On how to - maybe? - treat spirits
Here is a story for you... yes, something like a breakfast parable if you want. Take some time for a coffee, maybe put on this song like I just did and if you are ready, feel free to follow... I'll promise - or better hope - it will make sense at the end.
Think of a goldsmith living in a small town. Our goldsmith is the only one of his kind in his town; maybe even in the state. He has a unique talent to create art and adornment from metals. This particular goldsmith happens to not only have a huge gift for working with metals, but also a huge passion. Doing his job is a calling for him and that's how he approaches every piece of work he does. To be honest, even though he's been working as a goldsmith for decades, every day he still is humbled by the way the metals behave in each of their states he is putting them through and he is humbled by the beauty they reveal in shapes they take... You get it: we are dealing with a bit of goldsmith nerd here.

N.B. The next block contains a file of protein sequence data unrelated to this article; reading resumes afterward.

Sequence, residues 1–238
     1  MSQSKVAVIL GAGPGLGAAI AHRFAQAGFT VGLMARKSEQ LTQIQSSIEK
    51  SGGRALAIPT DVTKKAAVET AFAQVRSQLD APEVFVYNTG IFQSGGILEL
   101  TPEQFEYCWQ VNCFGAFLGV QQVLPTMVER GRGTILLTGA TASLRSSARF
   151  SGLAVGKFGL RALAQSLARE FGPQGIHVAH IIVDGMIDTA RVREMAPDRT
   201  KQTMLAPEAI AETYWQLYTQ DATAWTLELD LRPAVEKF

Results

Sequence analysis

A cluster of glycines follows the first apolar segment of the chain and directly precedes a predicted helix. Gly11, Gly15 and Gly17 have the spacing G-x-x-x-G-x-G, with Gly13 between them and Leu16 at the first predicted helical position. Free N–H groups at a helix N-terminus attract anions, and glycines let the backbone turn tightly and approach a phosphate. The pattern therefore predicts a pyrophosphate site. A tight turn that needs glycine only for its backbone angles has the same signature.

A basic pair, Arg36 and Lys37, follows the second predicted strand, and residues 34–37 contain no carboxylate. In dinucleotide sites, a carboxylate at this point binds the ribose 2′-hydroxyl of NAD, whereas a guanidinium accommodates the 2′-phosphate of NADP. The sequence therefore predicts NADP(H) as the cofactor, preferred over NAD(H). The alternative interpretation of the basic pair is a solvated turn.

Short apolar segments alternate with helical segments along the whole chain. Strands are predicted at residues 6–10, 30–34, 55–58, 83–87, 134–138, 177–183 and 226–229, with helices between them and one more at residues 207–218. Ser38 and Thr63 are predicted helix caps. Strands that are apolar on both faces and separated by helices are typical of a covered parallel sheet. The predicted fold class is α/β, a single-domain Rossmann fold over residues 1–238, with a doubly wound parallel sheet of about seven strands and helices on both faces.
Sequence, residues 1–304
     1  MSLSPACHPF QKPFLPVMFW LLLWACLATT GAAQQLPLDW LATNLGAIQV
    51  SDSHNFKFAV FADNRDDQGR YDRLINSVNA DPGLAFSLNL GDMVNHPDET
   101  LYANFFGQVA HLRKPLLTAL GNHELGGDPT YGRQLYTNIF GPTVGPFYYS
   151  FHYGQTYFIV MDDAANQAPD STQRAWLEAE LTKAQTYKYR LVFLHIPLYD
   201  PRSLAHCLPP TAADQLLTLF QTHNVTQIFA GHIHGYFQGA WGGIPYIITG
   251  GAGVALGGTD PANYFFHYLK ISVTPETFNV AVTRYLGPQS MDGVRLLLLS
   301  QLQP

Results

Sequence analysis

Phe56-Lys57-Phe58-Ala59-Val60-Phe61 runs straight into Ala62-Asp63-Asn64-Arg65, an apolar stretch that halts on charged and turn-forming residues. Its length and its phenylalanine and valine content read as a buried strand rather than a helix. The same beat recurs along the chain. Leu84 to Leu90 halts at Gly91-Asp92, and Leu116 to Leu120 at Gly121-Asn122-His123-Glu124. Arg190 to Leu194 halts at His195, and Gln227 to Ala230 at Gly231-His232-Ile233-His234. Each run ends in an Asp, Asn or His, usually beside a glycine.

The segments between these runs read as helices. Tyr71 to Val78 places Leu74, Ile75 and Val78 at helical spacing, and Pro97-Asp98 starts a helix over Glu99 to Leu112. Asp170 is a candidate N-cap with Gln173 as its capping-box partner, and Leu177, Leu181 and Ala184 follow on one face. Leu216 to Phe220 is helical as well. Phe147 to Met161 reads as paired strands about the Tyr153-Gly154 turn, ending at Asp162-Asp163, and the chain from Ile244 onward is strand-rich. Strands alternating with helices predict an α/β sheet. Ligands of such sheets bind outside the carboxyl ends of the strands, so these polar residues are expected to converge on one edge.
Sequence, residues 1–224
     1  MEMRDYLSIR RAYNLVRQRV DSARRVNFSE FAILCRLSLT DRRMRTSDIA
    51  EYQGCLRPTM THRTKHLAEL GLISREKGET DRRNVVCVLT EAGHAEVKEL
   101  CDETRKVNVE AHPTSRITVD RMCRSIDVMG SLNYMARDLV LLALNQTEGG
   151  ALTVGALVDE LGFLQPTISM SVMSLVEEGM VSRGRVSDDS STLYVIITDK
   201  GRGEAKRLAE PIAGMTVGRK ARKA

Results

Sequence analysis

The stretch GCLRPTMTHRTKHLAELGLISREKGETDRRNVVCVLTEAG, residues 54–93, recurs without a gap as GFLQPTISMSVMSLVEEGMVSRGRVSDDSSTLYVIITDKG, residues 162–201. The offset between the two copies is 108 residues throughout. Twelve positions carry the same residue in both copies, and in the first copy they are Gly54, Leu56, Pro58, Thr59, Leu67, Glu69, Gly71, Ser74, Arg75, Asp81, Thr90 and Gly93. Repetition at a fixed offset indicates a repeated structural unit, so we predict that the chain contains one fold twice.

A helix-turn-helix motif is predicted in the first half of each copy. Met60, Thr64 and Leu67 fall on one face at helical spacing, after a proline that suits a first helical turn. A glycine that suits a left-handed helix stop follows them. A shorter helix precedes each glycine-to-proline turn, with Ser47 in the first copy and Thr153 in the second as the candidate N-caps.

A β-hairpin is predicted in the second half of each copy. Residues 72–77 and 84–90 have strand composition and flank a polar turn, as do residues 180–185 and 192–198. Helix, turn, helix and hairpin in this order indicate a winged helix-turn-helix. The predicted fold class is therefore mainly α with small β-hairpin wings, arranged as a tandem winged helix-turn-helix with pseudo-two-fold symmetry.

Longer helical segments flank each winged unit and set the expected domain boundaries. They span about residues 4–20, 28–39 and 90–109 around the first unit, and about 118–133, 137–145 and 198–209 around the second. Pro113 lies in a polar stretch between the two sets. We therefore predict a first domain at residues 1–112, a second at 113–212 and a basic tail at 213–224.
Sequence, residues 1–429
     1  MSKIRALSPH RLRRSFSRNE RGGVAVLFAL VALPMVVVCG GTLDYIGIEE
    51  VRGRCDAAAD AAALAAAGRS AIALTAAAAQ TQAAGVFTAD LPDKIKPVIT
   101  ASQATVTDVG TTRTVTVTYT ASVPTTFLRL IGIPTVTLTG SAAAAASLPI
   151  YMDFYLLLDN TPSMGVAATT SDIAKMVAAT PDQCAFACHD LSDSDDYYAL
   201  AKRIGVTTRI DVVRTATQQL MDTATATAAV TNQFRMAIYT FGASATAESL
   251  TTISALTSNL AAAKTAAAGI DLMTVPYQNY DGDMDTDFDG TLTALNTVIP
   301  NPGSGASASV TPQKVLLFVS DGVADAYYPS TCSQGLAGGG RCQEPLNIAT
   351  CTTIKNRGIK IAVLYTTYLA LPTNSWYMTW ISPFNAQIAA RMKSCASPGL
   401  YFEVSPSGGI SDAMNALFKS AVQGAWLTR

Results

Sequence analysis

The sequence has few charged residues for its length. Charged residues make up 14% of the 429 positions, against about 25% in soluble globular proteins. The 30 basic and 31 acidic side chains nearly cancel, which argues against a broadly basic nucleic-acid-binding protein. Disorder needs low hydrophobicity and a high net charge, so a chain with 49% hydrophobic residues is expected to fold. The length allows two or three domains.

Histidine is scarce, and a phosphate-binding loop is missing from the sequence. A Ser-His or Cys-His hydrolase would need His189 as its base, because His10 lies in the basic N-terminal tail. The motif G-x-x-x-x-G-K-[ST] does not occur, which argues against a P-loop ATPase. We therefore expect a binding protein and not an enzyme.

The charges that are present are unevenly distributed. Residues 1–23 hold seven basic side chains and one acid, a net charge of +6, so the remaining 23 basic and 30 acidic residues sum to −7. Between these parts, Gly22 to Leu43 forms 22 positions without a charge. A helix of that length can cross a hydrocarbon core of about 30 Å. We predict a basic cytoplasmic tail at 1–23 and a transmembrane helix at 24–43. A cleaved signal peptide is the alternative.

Now, unfortunately our goldsmith isn't earning a lot of money with his art. He actually is quite in debt and owes money to quite a few people in the town. Much to his disadvantage, one of these believers is a very rich and ignorant fellow. One day this guy comes into the studio of our goldsmith and asks him to pay back his debts.
The goldsmith offers him the remaining adornments he has left on the shelf. But the creditor doesn't want them simply because he doesn't know what to do with them. Rather he insists the goldsmith should rob a bank for him - as he had heard the goldsmith would be very talented with all sorts of precious thing and he was planning a coup anyway. Hearing this demand the goldsmith is aghast and refuses!
Now the creditor hesitates - looking at the goldsmith he gets doubts if he really could do the job... After reconsidering the situation he offers him to work in his garage and polish his cars. As this would make significantly less money than a bank coup, however, he would need to work there for the rest of his life. The goldsmith breaks out in tears... And as he doesn't stop crying at some point the creditor finds himself feeling sorry for the poor soul.